(Granted, I actually like that show a bit more than their other “Once Upon a Time” show. I’m sorry to see it go now that it's cancelled). Now, I know that most people don’t see this as a big deal. However, I think that, because of this, Through the Looking Glass could use a little TLC (that’s “tender love and care”). It deserves a little extra special attention and boosting because it hasn’t had it in a while.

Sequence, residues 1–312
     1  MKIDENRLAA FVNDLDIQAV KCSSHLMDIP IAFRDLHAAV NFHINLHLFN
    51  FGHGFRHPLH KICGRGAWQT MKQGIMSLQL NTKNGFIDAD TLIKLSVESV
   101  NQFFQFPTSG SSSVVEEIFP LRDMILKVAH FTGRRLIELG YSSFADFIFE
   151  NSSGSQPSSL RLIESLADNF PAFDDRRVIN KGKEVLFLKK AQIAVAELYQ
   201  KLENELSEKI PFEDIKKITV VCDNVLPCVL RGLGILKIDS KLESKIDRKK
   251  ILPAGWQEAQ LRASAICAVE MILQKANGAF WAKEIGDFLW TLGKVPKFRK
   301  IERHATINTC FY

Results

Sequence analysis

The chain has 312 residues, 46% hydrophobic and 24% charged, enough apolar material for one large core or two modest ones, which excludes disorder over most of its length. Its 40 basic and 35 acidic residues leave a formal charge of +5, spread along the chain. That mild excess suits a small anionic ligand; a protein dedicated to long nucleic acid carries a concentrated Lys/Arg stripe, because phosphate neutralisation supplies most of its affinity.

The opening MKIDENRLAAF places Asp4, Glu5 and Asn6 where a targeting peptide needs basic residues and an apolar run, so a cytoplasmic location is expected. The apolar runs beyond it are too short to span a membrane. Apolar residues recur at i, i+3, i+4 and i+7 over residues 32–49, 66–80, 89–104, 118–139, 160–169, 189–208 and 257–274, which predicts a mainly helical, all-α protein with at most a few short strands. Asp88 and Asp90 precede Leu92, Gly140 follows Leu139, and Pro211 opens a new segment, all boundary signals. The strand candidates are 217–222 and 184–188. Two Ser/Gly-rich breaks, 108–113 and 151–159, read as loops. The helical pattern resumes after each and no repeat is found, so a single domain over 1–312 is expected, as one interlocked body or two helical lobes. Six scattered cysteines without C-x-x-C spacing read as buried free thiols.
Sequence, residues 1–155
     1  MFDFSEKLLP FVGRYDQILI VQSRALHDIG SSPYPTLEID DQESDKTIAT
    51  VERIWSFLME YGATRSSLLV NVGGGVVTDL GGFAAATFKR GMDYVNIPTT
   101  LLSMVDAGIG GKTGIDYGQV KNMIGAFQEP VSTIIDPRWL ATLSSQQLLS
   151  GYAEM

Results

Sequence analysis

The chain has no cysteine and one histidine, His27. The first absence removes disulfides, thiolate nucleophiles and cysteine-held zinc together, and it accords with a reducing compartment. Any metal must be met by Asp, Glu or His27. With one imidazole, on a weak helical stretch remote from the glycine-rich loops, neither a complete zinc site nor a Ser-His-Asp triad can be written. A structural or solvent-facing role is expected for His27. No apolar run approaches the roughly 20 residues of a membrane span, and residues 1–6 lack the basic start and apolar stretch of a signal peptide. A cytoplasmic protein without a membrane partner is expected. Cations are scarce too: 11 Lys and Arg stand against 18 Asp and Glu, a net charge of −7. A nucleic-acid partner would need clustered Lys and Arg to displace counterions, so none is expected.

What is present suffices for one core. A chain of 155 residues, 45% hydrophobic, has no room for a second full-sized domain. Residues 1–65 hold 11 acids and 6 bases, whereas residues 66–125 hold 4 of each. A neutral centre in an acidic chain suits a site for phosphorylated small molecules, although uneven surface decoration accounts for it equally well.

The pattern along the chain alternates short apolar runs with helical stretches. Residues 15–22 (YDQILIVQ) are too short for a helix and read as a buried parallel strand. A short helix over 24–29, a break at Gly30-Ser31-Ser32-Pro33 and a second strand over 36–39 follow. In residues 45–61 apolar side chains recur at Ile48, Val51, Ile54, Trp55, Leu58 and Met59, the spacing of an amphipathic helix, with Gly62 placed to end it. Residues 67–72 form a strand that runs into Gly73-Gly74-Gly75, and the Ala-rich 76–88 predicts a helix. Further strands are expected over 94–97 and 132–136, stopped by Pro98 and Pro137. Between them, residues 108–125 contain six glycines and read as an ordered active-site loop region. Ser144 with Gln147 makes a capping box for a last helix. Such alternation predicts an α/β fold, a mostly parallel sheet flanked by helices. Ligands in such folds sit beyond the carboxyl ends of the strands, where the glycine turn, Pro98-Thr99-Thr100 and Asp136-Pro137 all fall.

First, some background on the author. Lewis Carroll was the penname of Charles Lutwidge Dodgson. Dodgson was a mathematician, logician, Anglican deacon and photographer. Let’s let the irony of that sink in for a second. The amazingly nonsensical worlds of Wonderland and the Looking-Glass Country were created by a mathematician and logician. He was one of eleven children and suffered from a stammer as well as a number of other physical ailments. He did a fair bit of writing but it wasn’t until one day when he invented the story that would become Alice’s Adventures in Wonderland to the children of a friend that his fairy tale destiny was written. One child, Alice Liddell, liked the story so much that she insisted he write it down. He did and gave it to her as a gift. He then showed the book to another friend, George MacDonald (author of literary fairy tale The Princess and the Goblin among others). After an enthusiastic review from MacDonald’s children, Dodgson decided to get it published (some accounts say that he was urged on by novelist Henry Kingsley). The book hit the stands in 1863 and was an immediate success. The sequel Through the Looking Glass was published in 1871. Other things have been said about Lewis Carroll, but I’m going to leave it at that, because I’m a nice guy.